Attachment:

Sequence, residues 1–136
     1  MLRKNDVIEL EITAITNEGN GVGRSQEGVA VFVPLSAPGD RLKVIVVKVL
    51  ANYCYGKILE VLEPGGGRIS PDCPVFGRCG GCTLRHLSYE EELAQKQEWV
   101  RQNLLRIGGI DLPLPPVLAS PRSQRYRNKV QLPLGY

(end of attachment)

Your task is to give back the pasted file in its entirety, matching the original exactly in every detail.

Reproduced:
Sequence, residues 1–136
     1  MLRKNDVIEL EITAITNEGN GVGRSQEGVA VFVPLSAPGD RLKVIVVKVL
    51  ANYCYGKILE VLEPGGGRIS PDCPVFGRCG GCTLRHLSYE EELAQKQEWV
   101  RQNLLRIGGI DLPLPPVLAS PRSQRYRNKV QLPLGY